N.J. coronavirus recovery: Workers can refuse to return over safety fears

'Store Closing' signs outside of a Sears retail store location in Livingston, New Jersey, on March 23, 2020. (Photo by Kristoffer Tripplaar/Sipa USA)(Sipa via AP Images)

'Store Closing' signs outside of a Sears retail store location in Livingston, New Jersey, on March 23, 2020. (Photo by Kristoffer Tripplaar/Sipa USA)(Sipa via AP Images)

Updated at 4:05 p.m.

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New Jersey reported another 539 coronavirus cases Thursday, bringing the state’s total number of residents sickened to 165,816.

Another 70 residents died from complications of COVID-19. All told, 12,433 people have died in New Jersey from the disease.

Workers can refuse to return over safety fears

Workers recalled to their job, but concerned their employer has not met required health and safety standards or has violated a New Jersey executive order on COVID-19, can refuse to work and continue collecting unemployment benefits.

Labor Commissioner Rob Asaro-Angelo said such situations are “highly fact-specific” and “not easily met” but provide an out for people worried about catching coronavirus at work.

“No one should be forced to choose between their livelihood and contracting COVID-19,” he said.

Residents are typically blocked from collecting unemployment benefits if they quit their job voluntarily, but there is an exception when working conditions are unsafe or dangerous.

The state’s guidance came on the same day that groups of essential workers held rallies across New Jersey demanding safer working conditions as the coronavirus pandemic continues.

“Too many workers in New Jersey are falling through the cracks, as the right to reject unsafe work without retaliation is not guaranteed,” said Reynalda Cruz, of New Labor, in a press release. “Our health is just as essential as our production.”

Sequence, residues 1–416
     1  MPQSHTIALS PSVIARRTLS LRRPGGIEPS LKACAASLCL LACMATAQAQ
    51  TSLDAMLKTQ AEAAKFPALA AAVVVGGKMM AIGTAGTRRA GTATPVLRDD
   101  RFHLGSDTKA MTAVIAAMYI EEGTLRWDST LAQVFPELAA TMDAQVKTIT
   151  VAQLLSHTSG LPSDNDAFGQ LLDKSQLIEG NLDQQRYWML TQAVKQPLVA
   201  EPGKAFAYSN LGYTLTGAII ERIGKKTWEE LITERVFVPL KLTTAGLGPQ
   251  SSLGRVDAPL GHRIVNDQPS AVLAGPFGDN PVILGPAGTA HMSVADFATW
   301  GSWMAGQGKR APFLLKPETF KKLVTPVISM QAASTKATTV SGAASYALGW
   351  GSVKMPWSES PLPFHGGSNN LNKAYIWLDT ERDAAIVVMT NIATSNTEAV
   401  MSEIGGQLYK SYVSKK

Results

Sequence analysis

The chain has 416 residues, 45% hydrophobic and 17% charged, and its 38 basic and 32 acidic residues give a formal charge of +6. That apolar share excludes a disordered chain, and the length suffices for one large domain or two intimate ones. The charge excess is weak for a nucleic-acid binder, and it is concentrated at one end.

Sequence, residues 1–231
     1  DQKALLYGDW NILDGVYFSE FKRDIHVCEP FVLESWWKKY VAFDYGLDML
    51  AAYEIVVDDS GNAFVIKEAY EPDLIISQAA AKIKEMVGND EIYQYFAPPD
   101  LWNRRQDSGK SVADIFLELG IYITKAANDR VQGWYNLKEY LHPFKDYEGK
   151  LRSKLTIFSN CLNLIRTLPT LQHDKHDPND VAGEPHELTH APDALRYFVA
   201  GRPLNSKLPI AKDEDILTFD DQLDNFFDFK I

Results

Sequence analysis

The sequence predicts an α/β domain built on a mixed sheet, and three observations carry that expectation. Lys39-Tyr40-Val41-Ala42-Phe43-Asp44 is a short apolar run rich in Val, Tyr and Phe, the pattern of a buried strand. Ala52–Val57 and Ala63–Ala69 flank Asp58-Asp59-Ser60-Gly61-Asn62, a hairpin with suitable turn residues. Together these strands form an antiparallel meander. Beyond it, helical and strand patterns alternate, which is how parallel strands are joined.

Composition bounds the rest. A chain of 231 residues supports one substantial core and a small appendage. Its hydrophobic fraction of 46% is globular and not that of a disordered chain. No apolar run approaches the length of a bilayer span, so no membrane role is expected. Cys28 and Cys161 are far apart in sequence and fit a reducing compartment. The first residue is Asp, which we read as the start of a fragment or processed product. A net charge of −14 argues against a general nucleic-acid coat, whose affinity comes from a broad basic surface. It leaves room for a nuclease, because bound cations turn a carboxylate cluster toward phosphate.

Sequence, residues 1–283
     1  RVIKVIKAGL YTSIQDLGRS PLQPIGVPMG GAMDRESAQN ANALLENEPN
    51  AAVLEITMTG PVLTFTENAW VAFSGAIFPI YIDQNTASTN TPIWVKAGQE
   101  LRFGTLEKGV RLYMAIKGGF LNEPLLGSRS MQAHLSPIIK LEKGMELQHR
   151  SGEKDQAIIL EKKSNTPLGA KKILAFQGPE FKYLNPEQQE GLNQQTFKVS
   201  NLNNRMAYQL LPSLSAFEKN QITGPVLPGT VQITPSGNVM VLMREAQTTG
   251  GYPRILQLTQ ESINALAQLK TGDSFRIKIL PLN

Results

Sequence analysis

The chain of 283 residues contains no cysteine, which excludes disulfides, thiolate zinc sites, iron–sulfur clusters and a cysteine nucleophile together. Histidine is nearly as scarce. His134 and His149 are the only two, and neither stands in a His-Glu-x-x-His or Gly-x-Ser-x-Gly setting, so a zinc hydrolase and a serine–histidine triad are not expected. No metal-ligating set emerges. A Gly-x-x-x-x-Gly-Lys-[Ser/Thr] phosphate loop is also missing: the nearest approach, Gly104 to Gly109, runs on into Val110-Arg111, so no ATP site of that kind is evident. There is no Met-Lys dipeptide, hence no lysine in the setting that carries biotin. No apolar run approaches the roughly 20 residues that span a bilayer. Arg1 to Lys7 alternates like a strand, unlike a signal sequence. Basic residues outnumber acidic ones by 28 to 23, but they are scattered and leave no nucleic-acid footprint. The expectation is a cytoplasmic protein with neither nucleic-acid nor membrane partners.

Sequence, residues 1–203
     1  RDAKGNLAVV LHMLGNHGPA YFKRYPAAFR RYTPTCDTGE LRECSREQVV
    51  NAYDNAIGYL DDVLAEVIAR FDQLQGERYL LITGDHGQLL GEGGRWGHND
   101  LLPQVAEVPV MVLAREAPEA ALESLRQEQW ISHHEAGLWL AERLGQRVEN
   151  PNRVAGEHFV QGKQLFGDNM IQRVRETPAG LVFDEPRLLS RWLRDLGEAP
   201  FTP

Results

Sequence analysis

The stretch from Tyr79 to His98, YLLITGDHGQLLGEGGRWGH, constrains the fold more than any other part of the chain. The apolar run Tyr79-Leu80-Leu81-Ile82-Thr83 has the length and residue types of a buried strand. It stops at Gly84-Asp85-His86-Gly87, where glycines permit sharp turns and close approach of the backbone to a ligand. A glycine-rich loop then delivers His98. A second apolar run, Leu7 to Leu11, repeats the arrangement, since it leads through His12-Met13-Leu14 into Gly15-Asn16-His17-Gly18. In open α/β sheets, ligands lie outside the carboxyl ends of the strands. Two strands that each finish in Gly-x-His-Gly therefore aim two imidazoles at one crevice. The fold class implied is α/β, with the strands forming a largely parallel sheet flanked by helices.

Executive order violators still face citations

Some New Jersey towns and businesses want the state to move faster in reopening its economy, and a few are taking it into their own hands.

The Asbury Park City Council voted Wednesday to allow indoor dining, even though it is still banned at the state level. A Northfield movie theater said it would reopen despite state rules to the contrary.

Gov. Phil Murphy said law enforcement would continue to cite businesses that disobeyed his executive orders aimed at slowing the spread of COVID-19.

“We will continue to enforce as evenly as we can and where we think public health is at risk.”

Murphy noted that the state is reopening, and started with lower-risk and outdoor activities.

“The facts are the facts,” he added. “Inside, sedentary, no ventilation, close proximity, is hard.”

Day care centers in New Jersey are permitted to open starting June 15. Hair salons, barbershops, and nail salons will be allowed to reopen their doors one week later, on June 22.

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Unemployment claims continue to drop

Another 23,166 New Jerseyans filed for unemployment benefits in the week ending on Saturday, continuing a decline in jobless claims since the peak in late March and early April.

All told the state has received 1.2 million unemployment benefit applications since mid-March, when the coronavirus pandemic began.

The state Department of Labor said it was by far the largest volume of claimants in any 12-week period in the agency’s history.

“On the one hand, we have achieved so many milestones since COVID-19 shuttered our workforce,” said Commissioner Asaro-Angelo. “On the other hand, there is so much more to do to ensure that every claimant gets their questions answered and receives their benefits in a timely fashion.”

The DOL said in a press release that it has paid benefits to 94% of applicants, with the average weekly sum being $1,050.

For weeks, unemployed residents complained that the system was overwhelmed and that payments were delayed.

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